Good-Bye, So Long … Hello

Slide1On August 9, 2010 I started my blogging journey with my very first post Taking the Plunge. I had used Twitter throughout the summer and was amazed by the blogs of other educators. With an “I can do that” attitude, I set out on my adventure.

Since I was new to blogging and did not fully understand the process or where the road would take me, I opted for the FREE version of  The platform served me well for almost 4 years and 145 posts. It has been an amazing journey. I have gone from a very reluctant writer to someone who cherishes using writing as a form of reflection. My former self was often too humble to think my thoughts and ideas could make a difference. Now I realize that blogging provides me the platform to share my thoughts and ideas with the world around me – enhancing the quality of education.

So Why Good-Bye

Fear not, I am not leaving the world of blogging. Writing is too much apart of my life to abandon. I am simply moving on from the free version of WordPress to  I have decided to take yet another plunge with purchasing my own domain and set up my own website. You can now find me at This may be my last post on Learning is Growing, but it is not the last time you will hear of me!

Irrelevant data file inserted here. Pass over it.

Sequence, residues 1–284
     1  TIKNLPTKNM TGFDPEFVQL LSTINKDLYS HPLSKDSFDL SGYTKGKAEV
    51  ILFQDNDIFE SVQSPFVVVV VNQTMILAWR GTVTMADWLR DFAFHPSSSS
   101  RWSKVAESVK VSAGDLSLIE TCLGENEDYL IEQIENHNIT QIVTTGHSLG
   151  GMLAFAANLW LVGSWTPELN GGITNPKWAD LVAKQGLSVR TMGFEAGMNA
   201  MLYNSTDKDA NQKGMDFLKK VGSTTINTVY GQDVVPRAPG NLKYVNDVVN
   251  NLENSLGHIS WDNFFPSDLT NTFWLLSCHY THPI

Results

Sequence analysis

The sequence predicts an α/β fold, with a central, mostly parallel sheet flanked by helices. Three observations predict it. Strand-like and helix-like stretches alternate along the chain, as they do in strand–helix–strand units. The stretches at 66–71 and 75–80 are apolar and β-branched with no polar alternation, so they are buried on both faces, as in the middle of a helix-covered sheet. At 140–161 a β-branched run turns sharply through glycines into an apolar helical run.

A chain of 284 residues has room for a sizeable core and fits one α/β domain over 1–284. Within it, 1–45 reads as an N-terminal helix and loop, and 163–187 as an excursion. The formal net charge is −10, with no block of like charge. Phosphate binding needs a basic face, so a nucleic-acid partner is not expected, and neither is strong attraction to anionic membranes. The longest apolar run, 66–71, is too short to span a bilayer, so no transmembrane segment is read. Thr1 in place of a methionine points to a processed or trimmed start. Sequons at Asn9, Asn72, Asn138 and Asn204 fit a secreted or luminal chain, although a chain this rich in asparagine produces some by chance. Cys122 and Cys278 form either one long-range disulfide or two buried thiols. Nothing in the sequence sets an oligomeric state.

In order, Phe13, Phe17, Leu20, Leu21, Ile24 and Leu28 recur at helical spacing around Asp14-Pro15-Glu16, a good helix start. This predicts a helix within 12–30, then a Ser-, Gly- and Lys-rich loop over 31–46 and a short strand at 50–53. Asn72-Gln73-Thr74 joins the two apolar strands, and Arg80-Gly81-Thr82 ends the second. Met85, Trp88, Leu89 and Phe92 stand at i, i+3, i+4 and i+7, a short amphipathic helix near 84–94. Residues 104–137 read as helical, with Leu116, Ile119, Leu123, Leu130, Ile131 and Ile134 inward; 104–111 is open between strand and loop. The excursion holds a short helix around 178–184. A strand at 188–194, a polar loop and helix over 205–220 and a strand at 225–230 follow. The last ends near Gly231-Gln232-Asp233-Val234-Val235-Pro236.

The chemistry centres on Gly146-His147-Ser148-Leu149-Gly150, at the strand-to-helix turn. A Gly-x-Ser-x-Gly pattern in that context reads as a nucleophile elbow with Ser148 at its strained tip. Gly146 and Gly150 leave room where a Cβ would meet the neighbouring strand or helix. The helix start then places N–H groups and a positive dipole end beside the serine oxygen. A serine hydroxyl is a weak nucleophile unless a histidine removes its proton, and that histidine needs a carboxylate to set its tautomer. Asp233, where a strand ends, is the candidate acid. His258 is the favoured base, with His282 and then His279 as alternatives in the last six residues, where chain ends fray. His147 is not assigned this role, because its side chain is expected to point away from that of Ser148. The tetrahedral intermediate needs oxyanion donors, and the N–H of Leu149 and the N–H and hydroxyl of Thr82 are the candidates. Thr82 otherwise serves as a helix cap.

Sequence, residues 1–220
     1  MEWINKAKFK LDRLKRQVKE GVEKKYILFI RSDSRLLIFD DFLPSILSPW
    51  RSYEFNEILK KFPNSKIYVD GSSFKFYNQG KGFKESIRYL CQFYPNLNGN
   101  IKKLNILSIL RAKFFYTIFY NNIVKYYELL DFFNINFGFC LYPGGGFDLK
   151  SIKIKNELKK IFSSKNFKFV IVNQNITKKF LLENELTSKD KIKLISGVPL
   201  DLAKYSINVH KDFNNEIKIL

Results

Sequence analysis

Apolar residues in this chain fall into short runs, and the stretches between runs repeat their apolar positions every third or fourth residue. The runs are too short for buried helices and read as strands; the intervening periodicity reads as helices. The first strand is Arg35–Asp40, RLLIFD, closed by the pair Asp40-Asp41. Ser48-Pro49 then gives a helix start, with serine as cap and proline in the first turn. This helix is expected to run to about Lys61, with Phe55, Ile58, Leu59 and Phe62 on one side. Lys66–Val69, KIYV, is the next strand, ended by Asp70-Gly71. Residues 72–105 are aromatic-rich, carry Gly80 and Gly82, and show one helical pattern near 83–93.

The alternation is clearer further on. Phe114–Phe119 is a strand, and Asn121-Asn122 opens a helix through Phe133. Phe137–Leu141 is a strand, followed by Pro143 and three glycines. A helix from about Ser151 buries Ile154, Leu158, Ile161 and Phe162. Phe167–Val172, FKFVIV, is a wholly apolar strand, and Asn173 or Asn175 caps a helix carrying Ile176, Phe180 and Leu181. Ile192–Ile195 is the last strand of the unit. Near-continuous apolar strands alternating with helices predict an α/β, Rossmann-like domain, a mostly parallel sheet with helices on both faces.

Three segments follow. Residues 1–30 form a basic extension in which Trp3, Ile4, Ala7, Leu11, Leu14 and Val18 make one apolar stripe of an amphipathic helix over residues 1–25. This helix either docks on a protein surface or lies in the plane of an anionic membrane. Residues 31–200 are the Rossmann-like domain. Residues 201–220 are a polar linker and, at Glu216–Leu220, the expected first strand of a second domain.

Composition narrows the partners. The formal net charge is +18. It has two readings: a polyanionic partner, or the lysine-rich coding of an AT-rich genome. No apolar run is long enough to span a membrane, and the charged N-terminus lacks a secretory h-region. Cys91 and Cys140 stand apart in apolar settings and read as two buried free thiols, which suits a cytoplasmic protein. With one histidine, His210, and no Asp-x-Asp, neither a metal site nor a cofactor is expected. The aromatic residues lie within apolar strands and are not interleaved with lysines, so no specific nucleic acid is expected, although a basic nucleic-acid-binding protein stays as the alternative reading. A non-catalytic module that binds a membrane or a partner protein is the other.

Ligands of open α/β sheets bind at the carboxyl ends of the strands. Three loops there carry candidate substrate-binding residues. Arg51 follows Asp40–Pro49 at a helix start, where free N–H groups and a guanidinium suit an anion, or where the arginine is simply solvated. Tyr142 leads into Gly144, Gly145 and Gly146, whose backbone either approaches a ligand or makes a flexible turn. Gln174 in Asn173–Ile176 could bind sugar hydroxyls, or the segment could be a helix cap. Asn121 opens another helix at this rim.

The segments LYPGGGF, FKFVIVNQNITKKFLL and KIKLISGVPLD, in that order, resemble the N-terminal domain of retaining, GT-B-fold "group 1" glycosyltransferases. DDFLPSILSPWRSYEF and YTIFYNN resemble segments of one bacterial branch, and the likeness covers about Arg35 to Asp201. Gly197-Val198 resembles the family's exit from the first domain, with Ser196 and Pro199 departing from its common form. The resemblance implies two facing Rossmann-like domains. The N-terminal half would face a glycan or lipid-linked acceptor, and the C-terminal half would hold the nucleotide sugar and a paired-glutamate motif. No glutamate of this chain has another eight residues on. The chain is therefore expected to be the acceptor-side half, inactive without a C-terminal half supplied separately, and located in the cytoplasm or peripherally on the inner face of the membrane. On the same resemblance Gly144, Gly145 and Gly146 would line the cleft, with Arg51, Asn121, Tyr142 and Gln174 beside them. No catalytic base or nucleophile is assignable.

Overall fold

A Word of Thanks

There are so many people to thank when it comes to my blogging journey. First and foremost thanks to the numerous subscribers to this blog.  Your following has meant the world to me. I extend an open invitation to follow me at where I will continue to reflect and share ideas to enhance educational experiences.

Moving to my own domain name and building my website has been a learning experience. It could not have been accomplished without the help of some good friends. I especially want to thank Jeff Bradbury of TeacherCast, Justin Baeder of The Principal Center, and Sue Waters of Edublogs. Their support and advice have been critical in the launch of

My life as a writer has had its twists and turns. Several people have been instrumental in guiding me from a very reluctant writer to a confident. Just when I start listing these individuals, I fear I will leave someone out. My mentor and friend, Linda Weir, has been at my side from the very start. She reminds me often how far I’ve come as a writer.  Fran McVeigh, Jessica Johnson, and Shira Leibowitz also come to mind as always being there in my writing journey. You can follow these awesome writers at: